Caveman Interval Mobility WOD
You know how most people don’t like spending the time working on their range of motion, or working on improving their flexibility, but we all know how it important it is for performance and progression. Caveman INMOWOD is the answer! I’ve designed this format to incorporate mobility, stretching and MMC into the workout. A great format to disguise all the boring stuff into a workout without your clients even realising it. BANG! Interval style, mobility, stretching, mmc, training and working out all in one.
The formula is WE/n + ME/n * S + B * R which stands for:
- W = Work
- M = Mobility
- E = Exercise
- /n = Numerical time value in seconds
- S = Sets
- B = Break
- R = Rounds
The time for W is the time you’re working, which can be anything from lifting heavy weights to bodyweight exercises. For example; power snatching 45 seconds, burpees for 45 seconds, double unders for 30 seconds, push-ups for 30 seconds and so on.
The time for M is the time you’re stretching, working on your range of motion or mind-muscle connection, the exercises for this part should be performed at a slow pace so they provide active rest to commence the next set of work. For example; 30 seconds backwards rocking and lat activation (MMC), 30 seconds of hands behind head dynamic lunges, 30 seconds of deep squat plus ankle movement and so on. The exercises for M are not just limited to mobility, but can also be assistance exercises so that the athlete is working out and training at the same time.
The number of sets (S) defines the number of times you repeat the exercise, with short intervals you don’t want to just do an exercise once or twice, first you would not get the benefits from it, second you would be confusing people with too much to remember. The number of sets depends on the time you assigned to W, but should be around 4, 6, 8 and up.
You can assign B to transition to the next exercise and do things like recording reps or getting equipment setup.
But a WOD is competitive!? To keep it competitive and have people pushing themselves you need to start counting reps. You could even keep the exercise (WE) for the working interval the same and only change the exercise for the mobility interval (ME), example:
ME30 Tea cup left (2/4) / shoulder rolls (2/4)
ME30 Tea cup right (2/4) / shoulder rolls (2/4)
In words this would be: work for 45 seconds deadlifting, mobility for 30 seconds performing the tea cup exercise on the left side for two of the four sets and shoulder rolls for the other two out of the four sets, repeat for 4 sets, then do the same on the right. Have a break for 60 seconds after a total of 8 sets, repeat for 4 rounds. If you want to see a video of the above INMOWOD, like plus share and I’ll create a video today once we reach 100.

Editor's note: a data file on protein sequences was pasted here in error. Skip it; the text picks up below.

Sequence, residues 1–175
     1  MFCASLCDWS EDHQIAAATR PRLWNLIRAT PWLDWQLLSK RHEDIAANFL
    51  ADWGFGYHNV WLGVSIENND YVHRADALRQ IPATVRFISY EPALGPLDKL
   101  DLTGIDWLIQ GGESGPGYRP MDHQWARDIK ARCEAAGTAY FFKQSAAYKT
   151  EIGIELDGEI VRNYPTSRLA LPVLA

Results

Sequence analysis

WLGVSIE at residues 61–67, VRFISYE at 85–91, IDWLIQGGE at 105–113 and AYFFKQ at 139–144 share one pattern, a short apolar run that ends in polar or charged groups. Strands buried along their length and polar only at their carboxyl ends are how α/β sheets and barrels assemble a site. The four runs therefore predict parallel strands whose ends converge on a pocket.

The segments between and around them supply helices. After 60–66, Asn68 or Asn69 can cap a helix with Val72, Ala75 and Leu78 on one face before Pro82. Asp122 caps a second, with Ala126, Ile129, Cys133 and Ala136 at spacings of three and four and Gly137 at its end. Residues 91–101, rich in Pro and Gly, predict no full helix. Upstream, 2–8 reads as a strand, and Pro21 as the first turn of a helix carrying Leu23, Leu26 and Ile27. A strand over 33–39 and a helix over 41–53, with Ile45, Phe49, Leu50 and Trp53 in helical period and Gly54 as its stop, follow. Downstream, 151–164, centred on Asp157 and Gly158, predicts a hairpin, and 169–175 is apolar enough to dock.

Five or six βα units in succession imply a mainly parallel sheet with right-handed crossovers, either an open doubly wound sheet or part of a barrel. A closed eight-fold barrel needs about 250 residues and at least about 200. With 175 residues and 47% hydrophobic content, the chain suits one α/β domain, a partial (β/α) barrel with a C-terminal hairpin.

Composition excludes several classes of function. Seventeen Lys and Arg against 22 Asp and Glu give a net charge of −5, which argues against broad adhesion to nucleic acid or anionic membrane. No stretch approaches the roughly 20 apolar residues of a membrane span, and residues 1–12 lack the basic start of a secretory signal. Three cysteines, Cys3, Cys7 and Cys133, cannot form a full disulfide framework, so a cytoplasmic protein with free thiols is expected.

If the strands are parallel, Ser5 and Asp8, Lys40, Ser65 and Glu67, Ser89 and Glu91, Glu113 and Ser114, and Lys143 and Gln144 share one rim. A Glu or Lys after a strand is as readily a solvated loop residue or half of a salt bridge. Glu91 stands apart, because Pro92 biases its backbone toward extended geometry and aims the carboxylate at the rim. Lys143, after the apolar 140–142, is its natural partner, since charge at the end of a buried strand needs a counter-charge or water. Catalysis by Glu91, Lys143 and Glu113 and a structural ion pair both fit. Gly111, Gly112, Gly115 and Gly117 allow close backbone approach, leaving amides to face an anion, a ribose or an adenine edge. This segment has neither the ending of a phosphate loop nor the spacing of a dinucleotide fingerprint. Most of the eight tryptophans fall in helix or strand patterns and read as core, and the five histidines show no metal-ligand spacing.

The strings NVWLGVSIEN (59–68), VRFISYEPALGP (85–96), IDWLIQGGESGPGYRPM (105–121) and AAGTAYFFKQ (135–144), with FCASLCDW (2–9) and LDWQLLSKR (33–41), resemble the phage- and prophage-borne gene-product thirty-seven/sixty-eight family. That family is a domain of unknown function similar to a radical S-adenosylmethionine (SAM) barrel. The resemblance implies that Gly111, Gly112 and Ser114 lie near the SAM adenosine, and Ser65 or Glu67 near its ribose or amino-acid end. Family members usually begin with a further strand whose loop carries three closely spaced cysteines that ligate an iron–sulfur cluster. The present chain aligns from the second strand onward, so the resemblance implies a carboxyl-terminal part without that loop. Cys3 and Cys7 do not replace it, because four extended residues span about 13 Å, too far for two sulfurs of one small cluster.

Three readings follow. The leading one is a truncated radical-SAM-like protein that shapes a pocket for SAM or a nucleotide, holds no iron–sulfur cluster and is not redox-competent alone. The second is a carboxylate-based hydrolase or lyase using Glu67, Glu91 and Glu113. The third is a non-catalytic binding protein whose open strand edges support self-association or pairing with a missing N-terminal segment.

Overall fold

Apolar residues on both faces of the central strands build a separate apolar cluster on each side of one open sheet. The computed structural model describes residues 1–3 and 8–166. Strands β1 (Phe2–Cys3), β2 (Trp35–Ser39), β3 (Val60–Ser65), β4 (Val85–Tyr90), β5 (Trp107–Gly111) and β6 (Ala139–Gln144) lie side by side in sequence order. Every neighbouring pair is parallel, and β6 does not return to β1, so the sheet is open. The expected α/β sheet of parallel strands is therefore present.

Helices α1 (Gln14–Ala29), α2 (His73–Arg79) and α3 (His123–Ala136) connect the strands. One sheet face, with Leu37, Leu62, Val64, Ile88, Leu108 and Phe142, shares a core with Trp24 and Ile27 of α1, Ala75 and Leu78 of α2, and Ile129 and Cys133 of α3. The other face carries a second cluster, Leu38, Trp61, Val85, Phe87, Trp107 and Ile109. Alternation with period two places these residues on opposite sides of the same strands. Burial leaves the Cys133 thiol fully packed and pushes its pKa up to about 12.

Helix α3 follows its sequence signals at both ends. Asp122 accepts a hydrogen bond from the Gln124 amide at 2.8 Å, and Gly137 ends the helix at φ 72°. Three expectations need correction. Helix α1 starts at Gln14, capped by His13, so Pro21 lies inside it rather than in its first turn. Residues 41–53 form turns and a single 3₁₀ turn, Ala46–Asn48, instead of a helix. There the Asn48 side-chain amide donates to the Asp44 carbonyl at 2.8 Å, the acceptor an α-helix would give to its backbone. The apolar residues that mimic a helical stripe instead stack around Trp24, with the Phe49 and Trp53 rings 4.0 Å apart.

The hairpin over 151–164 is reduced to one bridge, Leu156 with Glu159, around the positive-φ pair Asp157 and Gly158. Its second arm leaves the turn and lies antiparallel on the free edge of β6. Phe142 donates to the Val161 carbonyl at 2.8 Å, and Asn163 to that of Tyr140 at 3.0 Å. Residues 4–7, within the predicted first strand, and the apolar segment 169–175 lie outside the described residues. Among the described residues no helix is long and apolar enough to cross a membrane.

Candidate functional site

You can find more great warm-up and mobility videos on this page.
The athlete would be counting the total number of reps completed, in effect the athlete would have 24 minutes of lifting with intervals in between, the break would be a good time to write down the current total just to make sure no mistakes are made and if need be also lower the weight.
The lowest weight used would be recorded with the total number of reps done. Going up in weight once commenced would not be allowed as that would be like starting with a 80kg weight for 3 rounds and then whacking on 120kg in the last round to be recorded, uh–uh. As I mentioned, the break is where the athlete gets a chance to lower weight, of course it could be done during the work as well. If the athlete made an incorrect guess at weight that can continuously be lifted safely for the work time during all sets, then he/she either needs to slow down and do less reps or lower the weight.
A system I always incorporated in the WODs I’ve ran was to get the athlete to mark down numbers or rounds on a whiteboard or ground with chalk and/or call out in intervals of 5 or 10, for example; 10, 20, 30 etc. it’s great to keep everyone honest and creates a very competitive environment. And it’s not always honesty that’s the problem, it’s also confusion, sometimes you simply forget whether you were on 6 or 7 no matter how many times you repeated it to yourself. But this system applies more to the article I wrote here.
I’ll provide a bit more varied example of an INMOWOD.
WE30 Jump burpee
ME20 Shoulder rotation internal/external
WE30 Tricep push-up
ME20 Arms in and out, opening up the chest and thoracic mobility
In words this would be: work for 30 seconds performing jump burpees and then 20 seconds of mobility work, repeat for 8 sets, break for 30 seconds, great time to mark down total and then on again working for 30 seconds performing tricep push-ups and 20 seconds of mobility work, repeat for 8 sets and break for 30 seconds, perform 4 rounds.
The possibilities are endless and depending on how you design an INMOWOD, you can use it with nothing else that day, or you could program this as a warm-up paired with mobility followed by a normal WOD.
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